3)      Get your Financial Affairs in Order.  There is a lot we could talk about here but, for starters, let’s focus on a few critical points.  First, do whatever it takes to have an accurate and complete set of financial statements available for any prospective buyer.  This is likely to be the first thing that a prospective buyer will ask for, and unreliable financial statements are likely to scare prospective buyers off very quickly.  Part of this process should also involve strengthening your business’s financial systems and controls, both of which a wise potential buyer will investigate in order to assess the credibility of the financial statements you provide.  Second, analyze ways to maximize your business’s net income.  Usually this starts with identifying perks and expenses that reduce your earnings, determining which of those expenses most likely won’t need to be incurred by the future owner of your business, and then reconstructing your net income by adding the amount of those expenses back into net income.  Examples might include expenses for health insurance, cars, entertainment, and phones.  Third, prepare a complete and accurate capitalization table that shows in fine detail exactly who owns what equity in your company.  Be sure to include not only common shareholders, but also any preferred shareholders and holders of any convertible equity such as warrants, options, and convertible promissory notes.  This is as critical as having accurate financial statements and is an area that is notoriously problematic for many small and mid-size small businesses.  Any serious buyer will need an accurate snapshot of your company’s financial condition and ownership, and you’ll need to make representations and warranties in the sale agreement as to the accuracy of both, so get it right the first time.

4)      Take Steps to Protect Your Assets.  One test of a business’s maturity and value is the extent to which steps have been taken to protect the business’s customers, intellectual property, and other key assets.  If done correctly, your business will have a competitive edge in the M&A market and will take on a certain luster that will add to your business’s value.  Start by identifying where the real value is in your business and then, with the help of your lawyer, put safeguards in place to protect that value.  For example, register your business’s trademark; apply for a patent for your business’s key idea or process; require employees to sign a document that assigns to your business any inventions or ideas they develop while on the job; and insist that managers and other key employees sign restrictive covenant agreements prohibiting them from competing with your business, poaching customers or employees after they leave your company, or disclosing or using customer lists and confidential information outside the course of their employment.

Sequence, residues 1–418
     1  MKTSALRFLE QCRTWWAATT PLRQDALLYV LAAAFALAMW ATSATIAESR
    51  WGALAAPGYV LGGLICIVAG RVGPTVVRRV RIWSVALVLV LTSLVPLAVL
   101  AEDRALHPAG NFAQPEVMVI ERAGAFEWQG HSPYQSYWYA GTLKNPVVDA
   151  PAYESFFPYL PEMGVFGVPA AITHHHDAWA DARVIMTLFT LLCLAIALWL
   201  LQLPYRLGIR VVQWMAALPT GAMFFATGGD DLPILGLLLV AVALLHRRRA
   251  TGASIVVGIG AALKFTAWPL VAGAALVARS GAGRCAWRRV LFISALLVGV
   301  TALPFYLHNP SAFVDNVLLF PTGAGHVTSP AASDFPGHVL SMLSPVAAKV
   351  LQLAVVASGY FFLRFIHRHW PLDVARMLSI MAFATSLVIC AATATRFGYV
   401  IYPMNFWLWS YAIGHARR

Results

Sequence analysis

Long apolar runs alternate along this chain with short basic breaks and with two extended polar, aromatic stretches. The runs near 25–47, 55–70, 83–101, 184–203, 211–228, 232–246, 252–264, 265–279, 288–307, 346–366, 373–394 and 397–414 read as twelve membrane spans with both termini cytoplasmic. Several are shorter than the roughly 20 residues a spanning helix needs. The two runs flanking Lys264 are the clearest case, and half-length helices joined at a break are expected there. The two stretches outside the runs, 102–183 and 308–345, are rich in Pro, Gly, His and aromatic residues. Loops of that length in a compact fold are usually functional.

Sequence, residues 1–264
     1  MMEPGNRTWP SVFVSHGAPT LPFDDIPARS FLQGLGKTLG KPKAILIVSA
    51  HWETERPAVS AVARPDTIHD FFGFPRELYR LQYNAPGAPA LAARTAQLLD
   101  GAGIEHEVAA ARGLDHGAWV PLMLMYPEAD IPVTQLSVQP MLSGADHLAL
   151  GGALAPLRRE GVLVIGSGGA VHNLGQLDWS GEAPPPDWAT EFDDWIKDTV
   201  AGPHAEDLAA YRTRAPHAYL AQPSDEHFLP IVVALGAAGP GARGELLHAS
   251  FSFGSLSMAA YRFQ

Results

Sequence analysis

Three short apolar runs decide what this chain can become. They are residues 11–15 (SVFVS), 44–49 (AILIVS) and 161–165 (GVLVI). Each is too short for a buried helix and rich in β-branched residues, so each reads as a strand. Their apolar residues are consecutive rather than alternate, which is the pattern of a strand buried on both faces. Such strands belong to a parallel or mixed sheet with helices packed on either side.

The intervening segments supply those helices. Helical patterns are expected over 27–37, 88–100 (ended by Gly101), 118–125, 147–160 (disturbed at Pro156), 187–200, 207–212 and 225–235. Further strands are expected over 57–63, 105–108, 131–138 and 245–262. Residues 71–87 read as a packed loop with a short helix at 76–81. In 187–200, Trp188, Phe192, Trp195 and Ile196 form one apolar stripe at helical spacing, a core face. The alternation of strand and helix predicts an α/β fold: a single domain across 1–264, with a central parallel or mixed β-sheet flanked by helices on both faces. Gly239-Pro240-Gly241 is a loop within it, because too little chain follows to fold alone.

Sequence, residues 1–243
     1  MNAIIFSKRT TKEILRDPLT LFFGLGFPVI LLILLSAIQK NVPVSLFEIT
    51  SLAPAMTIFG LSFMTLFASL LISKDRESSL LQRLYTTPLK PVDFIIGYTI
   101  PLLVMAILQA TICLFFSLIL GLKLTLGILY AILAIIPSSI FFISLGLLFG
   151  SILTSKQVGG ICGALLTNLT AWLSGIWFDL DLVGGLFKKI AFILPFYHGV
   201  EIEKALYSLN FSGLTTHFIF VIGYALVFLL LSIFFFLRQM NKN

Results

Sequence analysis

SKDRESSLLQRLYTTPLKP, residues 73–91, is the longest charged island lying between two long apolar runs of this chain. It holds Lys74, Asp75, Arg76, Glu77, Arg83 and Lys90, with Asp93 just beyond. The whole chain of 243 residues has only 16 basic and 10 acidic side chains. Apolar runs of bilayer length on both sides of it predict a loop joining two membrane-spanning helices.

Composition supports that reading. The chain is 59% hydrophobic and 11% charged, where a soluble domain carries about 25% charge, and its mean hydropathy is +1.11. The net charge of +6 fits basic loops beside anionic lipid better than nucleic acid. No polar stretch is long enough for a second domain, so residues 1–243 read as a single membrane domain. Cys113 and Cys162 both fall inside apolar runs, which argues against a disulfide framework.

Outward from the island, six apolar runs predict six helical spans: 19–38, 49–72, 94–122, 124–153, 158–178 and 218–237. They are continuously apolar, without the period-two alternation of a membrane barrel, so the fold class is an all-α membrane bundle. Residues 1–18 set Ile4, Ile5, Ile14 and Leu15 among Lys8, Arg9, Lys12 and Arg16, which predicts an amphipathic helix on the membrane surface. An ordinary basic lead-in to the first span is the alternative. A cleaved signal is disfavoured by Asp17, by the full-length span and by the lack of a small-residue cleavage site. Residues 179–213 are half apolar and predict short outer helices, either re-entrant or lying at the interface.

5)      Consider Obtaining a Valuation of Your Business.  This might cost you a little upfront, but you really can’t decide whether to sell your business without having a decent sense of how much you can get for it, right?  For small to mid-size companies, a valuation might cost in the $3,000 – $5,000 range, and it may be that your business broker or investment banker can do this for you at an even more affordable price.  If you only need a value range based on EBITDA and market conditions, the cost may be less; and if your business is large or complex, the cost will likely be higher.  Typically, though, the trick is to ascertain value based not just on historical data but, perhaps more importantly, based on current marketplace conditions, prospects for enhanced value, and the use of a mixture of methodologies that are custom-suited to your business.  When examining prospects for enhanced value, be sure your valuation expert accounts adequately for the upward pressure on the sale price resulting from the super effective sale process you put in place!

So, when should you start?  The answer is, “RIGHT AWAY!”  If you’ve read this far, you haven’t dismissed the possibility of a sale.  Every step mentioned above is a step in the right direction and, in most cases, will help add value to your business even if you don’t sell for a few years.  Call your lawyer or financial advisor today and get the process started.

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One Response to “Five Key Points to Consider Before Selling Your Business”

  1. Great post, Aaron — thanks for sharing your insights.